This summer I see rusty colours wherever I go. It is the theme of my daily (pre)occupation.
Large steel tubes for a North Sea wind turbine
Recently, a short stay on the beach…
Fishing gear on a Walcheren beach
… resulted in a collection of shells in contrasting shades of blue and rusty browns.
Back home this shell family joined another summer harvest of treasures gleaned some years ago on a beach in Greece: more rusty reds, but with Mediterranean greens.
I used the leftover shells and fishing line to make more ‘thought catchers‘ in my studio:
And bound my holiday photographs together on a long sheet of folded paper:
The colours of iron
Iron is the only metal whose ‘decay’ has its own name: rust. Its colour is generally perceived as a dark orangy red. On a closer look, however, there are far more colours in rust than one would imagine (and far more aspects too, but that is for later on.)
Detail of a steel beam waiting to be processed at a smithy
Rust also produces extraordinary yellows (which make for yellow ochre in our paint boxes.) But for some reason green has begun to play a role in my mind, if only because I like to combine it with muted rusty reds.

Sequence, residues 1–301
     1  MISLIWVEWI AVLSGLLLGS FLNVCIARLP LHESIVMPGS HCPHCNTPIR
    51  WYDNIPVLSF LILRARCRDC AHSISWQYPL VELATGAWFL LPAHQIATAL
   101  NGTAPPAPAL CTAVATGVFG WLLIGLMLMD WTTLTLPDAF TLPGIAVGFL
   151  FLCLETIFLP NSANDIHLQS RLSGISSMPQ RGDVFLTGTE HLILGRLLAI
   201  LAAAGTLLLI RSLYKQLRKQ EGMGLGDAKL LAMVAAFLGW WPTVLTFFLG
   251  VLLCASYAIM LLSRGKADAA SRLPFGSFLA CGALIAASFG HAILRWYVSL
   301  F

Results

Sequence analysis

When copper ‘rusts’ it becomes a bright shade of green but I always thought this vibrant green to be absent from the world of iron––except, of course, as paint like the green colour on the photo of wind turbine tubes above.
And now, to my joy, I’ve discovered that I was wrong. There are natural greens in the wolrd of iron, not only as ‘green rust’, about which I shall write, but the highly valued celadon ceramics glaze is made with iron oxide.
Celadon bowl, Sung Dynasty (960-1079 AD) © Minneapolis Institute of Arts
Rust-red and green colours enhance one another.
Colour theory dryly says that brownish reds and yellowish blue-greens work well together because they are more or less complementary colours. But isn’t it fascinating that many of us are instinctively drawn to the strength of their combination?
The battered skins of North Sea buoys